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2answers
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Phase equilibrium & phase diagram [closed]

Q) Why does phase equilibrium/inter-conversion ONLY occur at boundary lines between phases in phase diagrams? Example: According to water phase diagram, at 200 C and 200 atm ONLY liquid water ...
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3answers
259 views

What does the state of a substance at a specific T and P mean?

From the phase diagram of water, we see that water is a liquid at 20 °C, 1 atm. The state of the water at 20 °C, 1 atm is liquid. But there is actually also water vapor in equilibrium with liquid ...
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Finding freezing temperature and osmotic pressure of an ethylene glycol and glycerol solution in water

A water solution is prepared by mixing $\pu{200 g}$ of a ethylene glycol (ethan-1,2-diol; $\ce{C2H6O2}$) solution (20% by weight) with $\pu{500 g}$ of glycerol (propan-1,2,3-triol; $\ce{C3H8O3}$) ...
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1answer
74 views

Phase of reaction between glucose and potassium cyanide to form amygdalin

I'm trying to write a detective-fiction novel, and I was wondering if potassium cyanide reacts with sugar only if the glucose for the amygdalin to form is dissolved in liquid or does it react even if ...
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1answer
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Methanol-water mix freezing points - clarify contradictory online data > 60% w/w?

Extending an exploration of windshield washer-fluid choices to freezing points of methanol-water mixes, all web-sources located agreed to within a couple of degrees from 0-60% w/w, yet above this ...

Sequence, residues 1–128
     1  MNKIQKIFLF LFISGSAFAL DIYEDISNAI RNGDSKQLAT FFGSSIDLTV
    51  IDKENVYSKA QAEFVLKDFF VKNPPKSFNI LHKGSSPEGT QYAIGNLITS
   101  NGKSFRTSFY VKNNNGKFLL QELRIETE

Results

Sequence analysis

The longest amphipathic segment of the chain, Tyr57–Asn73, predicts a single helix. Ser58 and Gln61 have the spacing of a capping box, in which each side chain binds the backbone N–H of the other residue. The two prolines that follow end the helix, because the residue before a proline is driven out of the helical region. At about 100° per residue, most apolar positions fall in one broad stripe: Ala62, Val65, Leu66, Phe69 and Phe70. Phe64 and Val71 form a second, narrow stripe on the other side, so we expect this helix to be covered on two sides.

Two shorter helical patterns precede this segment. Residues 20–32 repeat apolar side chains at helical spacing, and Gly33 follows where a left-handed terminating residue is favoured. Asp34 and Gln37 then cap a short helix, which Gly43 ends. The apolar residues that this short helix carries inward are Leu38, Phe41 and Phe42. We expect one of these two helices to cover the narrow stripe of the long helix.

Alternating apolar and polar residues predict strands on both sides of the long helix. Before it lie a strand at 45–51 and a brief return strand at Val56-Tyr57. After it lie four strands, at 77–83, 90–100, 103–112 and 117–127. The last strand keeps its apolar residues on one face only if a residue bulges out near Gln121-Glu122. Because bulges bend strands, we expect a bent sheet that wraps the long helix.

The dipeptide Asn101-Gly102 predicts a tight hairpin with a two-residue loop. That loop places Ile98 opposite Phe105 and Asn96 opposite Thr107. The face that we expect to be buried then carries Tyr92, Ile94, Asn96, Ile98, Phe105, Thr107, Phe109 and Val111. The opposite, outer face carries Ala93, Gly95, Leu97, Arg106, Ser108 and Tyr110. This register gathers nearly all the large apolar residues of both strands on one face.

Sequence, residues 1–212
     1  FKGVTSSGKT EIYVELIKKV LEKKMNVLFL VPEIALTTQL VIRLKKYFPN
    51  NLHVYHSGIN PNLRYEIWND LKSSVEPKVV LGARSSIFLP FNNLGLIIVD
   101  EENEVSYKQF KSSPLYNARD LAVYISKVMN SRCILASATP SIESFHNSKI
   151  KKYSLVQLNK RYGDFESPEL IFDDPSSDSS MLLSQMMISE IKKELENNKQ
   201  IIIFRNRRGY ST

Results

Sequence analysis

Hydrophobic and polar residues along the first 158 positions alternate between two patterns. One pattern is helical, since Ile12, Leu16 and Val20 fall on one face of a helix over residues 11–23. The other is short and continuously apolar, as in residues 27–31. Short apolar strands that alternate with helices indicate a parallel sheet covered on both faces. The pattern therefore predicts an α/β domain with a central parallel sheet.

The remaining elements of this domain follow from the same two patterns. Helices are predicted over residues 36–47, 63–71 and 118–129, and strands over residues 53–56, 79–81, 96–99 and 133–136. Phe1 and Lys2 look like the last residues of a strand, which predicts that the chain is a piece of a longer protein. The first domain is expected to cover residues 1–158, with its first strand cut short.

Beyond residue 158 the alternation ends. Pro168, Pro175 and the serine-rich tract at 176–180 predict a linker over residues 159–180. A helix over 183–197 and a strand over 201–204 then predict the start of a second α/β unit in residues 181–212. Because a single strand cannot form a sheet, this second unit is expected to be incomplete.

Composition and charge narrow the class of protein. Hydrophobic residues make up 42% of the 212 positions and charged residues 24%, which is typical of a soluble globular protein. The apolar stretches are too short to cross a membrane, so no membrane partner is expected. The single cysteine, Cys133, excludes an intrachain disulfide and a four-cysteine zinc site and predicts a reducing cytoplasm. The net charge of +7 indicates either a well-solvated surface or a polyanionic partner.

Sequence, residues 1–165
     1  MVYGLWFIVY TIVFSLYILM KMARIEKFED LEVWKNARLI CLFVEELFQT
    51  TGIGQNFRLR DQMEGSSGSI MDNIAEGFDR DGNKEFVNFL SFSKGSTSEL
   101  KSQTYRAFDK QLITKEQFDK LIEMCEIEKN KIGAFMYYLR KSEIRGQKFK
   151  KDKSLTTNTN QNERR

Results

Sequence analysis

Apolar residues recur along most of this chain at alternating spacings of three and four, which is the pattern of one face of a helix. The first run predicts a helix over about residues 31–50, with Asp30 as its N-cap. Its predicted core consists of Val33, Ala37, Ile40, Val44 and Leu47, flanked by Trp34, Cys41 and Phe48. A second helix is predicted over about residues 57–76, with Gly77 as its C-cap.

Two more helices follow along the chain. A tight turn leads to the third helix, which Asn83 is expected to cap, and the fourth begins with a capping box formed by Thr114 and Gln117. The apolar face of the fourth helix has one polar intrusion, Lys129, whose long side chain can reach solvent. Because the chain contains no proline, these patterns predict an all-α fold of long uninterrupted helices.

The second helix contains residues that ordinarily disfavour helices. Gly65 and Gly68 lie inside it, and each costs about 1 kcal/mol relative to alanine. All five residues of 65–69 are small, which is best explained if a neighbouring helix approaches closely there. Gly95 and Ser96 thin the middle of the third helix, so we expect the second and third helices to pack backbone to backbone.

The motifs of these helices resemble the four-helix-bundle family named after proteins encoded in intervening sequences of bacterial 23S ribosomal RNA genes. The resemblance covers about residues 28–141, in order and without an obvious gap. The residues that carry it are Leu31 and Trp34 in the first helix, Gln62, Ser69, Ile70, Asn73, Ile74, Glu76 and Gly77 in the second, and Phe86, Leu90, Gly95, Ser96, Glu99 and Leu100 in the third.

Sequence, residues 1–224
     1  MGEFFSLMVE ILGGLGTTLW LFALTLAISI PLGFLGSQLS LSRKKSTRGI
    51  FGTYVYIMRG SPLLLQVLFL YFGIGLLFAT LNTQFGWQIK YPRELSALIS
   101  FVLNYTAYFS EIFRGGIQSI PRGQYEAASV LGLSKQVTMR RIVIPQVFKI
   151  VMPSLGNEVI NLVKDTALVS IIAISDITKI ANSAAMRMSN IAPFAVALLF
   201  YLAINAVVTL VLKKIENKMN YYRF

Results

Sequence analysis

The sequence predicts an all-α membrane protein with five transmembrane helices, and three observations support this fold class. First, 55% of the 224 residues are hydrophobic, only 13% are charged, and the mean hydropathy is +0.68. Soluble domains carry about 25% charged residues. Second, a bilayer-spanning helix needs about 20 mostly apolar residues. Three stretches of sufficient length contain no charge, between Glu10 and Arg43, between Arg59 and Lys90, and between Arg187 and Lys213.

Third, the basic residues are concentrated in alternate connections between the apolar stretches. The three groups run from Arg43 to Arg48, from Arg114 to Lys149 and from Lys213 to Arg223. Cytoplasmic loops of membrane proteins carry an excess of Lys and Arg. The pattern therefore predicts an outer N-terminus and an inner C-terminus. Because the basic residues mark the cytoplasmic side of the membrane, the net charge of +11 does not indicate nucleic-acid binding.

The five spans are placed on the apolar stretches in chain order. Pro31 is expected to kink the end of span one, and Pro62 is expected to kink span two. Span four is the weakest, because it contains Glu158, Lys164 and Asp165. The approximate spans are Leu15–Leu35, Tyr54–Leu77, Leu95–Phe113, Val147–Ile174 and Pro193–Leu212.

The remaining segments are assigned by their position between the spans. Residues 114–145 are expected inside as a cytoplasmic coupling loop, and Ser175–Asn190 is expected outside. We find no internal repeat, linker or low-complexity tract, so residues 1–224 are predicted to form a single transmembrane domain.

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3answers
108 views

If all molecules have basically the same KE at a given temperature, why do lighter isotopes evaporate more readily?

One of the proxies used for paleoclimate is the ratio of oxygen-18 to oxygen-16 in ice cores and in sedimentary rocks. The idea is that water molecules with oxygen-18 generally evaporate less readily ...
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2answers
68 views

Is ionisation an equilibrium process?

I read in a page that ionisation is an irreversible process. But, as equilibrium is always reversible would that mean equilibrium does not involve ionisation process. And than dissociation is a ...
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4answers
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Why does gas not liquify at a temperature above the critical temperature no matter how much pressure is applied on it? Why? [duplicate]

My textbook says that critical temperature is the temperature above which a gas cannot be liquified no matter how much pressure we apply on it. But why? What is so special about this 'critical ...
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How much energy is required to liquify oxygen?

Does anyone know where I can find some documentation of a real-world liquification process, and the energy costs? I can calculate the heat that must be removed from O2 gas to get to liquid, but how ...
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1answer
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Why does Sulfur dioxide incompletely freeze when entrained in a helium stream inside tubing dipped in liquid nitrogen?